Patrick Lencioni. The Ideal Team Player: How to Recognize and Cultivate The Three Essential Virtues. Jossey-Bass, 2016. (219 pages)
Free Resources from The Table Group
- Self-Assessment (use this assessment to evaluate yourself relative to the three virtues)
- Manager’s Assessment » (use this assessment to evaluate your direct report relative to the three virtues)
- Interview Guide » (use this guide to help you discern if prospective employees are humble, hungry and smart)
…you get more done with three people who fit together than with a fourth who doesn’t belong. (127)
DEFINING THE THREE VIRTUES
Great team players lack excessive ego or concerns about status. Thy are quick to point out the contributions of others and slow to seek attention for their own. They share credit, emphasize team over self, and define success collectively rather than individually. (157)
There are two basic types of people who lack humility, …the overtly arrogant …the people who lack self-confidence. (158)
A person who has a disproportionately deflated sense of self-worth often hurts teams by not advocating for their own ideas or by failing to call attention to problems that they see. Though this kind of lack of humility is less obtrusive and obvious than the other, more negative types, it detracts from optimal team performance nonetheless. (158)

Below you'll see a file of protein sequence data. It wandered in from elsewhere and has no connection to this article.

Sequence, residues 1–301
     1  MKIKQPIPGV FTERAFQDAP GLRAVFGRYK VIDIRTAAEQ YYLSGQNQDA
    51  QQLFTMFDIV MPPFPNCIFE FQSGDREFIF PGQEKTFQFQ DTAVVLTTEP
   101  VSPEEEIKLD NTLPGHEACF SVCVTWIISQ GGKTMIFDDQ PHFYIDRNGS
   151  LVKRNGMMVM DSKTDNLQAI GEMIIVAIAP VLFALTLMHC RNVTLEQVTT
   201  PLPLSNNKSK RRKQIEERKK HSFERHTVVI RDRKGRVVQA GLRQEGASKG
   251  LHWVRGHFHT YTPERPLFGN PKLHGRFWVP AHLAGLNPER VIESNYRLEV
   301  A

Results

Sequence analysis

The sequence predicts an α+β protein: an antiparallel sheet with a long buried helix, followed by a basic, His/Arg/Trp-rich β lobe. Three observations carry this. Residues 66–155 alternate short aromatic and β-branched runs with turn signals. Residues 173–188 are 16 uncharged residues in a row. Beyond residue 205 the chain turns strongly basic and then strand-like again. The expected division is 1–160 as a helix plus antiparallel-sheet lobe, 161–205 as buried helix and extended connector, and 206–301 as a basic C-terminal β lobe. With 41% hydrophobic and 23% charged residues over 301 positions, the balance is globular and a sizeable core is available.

Hungry people are always looking for more. More things to do. More to learn. More responsibility to take on. Hungry people almost never have to be pushed by a manager to work harder because they are self-motivated and diligent. They are constantly thinking about the next step and the next opportunity. And they loathe the idea that they might be perceived as slackers. (159)
[via: Hungry people will say things like, “I would do this job if you didn’t pay me.”]
When I refer to hunger here, I’m thinking about the healthy kind–a manageable and sustainable commitment to doing a job well and going above and beyond when it is truly required. (159)
[via: I may use the word “thoughtful” here.]
In the context of a team, smart simply refers to a person’s common sense about people. (160)
THE IDEAL TEAM PLAYER MODEL
These are not permanent characteristics embedded in a person’s DNA; rather, they are developed and maintained through life experiences and personal choices at home and at work. (165)
Hungry Only: The Bulldozer.
Smart Only: The Charmer.
Humble and Hungry, but Not Smart: The Accidental Mess-Maker.
Humble and Smart, but Not Hungry: The Lovable Slacker.
Hungry and Smart, but Not Humble: The Skillful Politician. Most of us have worked with plenty of skillful politicians, as they tend to rise in the ranks of companies where leaders reward individual performance over teamwork. (171)